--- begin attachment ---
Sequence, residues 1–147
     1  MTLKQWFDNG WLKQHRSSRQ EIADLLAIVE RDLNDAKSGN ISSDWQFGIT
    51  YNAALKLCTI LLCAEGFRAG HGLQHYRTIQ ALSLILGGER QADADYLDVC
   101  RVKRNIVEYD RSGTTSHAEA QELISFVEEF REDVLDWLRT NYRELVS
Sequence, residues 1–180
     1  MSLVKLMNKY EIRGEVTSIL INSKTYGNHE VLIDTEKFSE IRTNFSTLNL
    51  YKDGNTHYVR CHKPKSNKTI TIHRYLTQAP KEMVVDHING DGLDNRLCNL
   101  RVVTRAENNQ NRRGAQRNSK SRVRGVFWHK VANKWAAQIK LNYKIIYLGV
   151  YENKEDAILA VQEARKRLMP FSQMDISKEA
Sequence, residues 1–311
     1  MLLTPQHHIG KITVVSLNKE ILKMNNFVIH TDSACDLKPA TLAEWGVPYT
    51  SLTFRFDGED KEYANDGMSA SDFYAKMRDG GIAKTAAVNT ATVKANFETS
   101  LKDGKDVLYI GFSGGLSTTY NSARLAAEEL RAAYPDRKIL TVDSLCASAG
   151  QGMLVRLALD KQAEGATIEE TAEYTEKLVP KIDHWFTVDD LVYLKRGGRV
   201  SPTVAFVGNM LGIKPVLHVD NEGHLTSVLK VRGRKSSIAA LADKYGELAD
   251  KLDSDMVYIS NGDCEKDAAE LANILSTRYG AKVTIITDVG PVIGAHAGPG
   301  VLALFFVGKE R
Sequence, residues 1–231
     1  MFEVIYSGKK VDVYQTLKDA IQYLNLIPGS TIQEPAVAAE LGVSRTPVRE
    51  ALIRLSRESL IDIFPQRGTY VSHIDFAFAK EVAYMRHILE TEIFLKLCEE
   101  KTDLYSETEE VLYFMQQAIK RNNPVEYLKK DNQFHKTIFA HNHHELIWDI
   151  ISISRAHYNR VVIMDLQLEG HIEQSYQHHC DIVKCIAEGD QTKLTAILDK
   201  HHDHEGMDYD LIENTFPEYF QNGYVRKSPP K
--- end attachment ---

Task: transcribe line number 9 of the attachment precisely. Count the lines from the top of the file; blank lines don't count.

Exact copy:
   151  YENKEDAILA VQEARKRLMP FSQMDISKEA